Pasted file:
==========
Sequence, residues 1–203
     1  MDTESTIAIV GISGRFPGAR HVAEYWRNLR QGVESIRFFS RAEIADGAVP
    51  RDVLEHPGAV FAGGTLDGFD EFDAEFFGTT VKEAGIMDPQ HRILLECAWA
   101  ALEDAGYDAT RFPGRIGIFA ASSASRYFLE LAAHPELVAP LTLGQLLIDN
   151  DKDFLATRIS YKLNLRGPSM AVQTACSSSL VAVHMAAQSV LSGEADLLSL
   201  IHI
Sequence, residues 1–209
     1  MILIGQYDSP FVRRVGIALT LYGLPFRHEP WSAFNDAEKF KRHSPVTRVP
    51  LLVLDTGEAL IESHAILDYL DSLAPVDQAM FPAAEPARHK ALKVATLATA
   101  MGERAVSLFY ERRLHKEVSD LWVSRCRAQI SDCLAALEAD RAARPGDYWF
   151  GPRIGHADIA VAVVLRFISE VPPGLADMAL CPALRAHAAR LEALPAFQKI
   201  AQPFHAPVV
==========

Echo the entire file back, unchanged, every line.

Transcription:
Sequence, residues 1–203
     1  MDTESTIAIV GISGRFPGAR HVAEYWRNLR QGVESIRFFS RAEIADGAVP
    51  RDVLEHPGAV FAGGTLDGFD EFDAEFFGTT VKEAGIMDPQ HRILLECAWA
   101  ALEDAGYDAT RFPGRIGIFA ASSASRYFLE LAAHPELVAP LTLGQLLIDN
   151  DKDFLATRIS YKLNLRGPSM AVQTACSSSL VAVHMAAQSV LSGEADLLSL
   201  IHI
Sequence, residues 1–209
     1  MILIGQYDSP FVRRVGIALT LYGLPFRHEP WSAFNDAEKF KRHSPVTRVP
    51  LLVLDTGEAL IESHAILDYL DSLAPVDQAM FPAAEPARHK ALKVATLATA
   101  MGERAVSLFY ERRLHKEVSD LWVSRCRAQI SDCLAALEAD RAARPGDYWF
   151  GPRIGHADIA VAVVLRFISE VPPGLADMAL CPALRAHAAR LEALPAFQKI
   201  AQPFHAPVV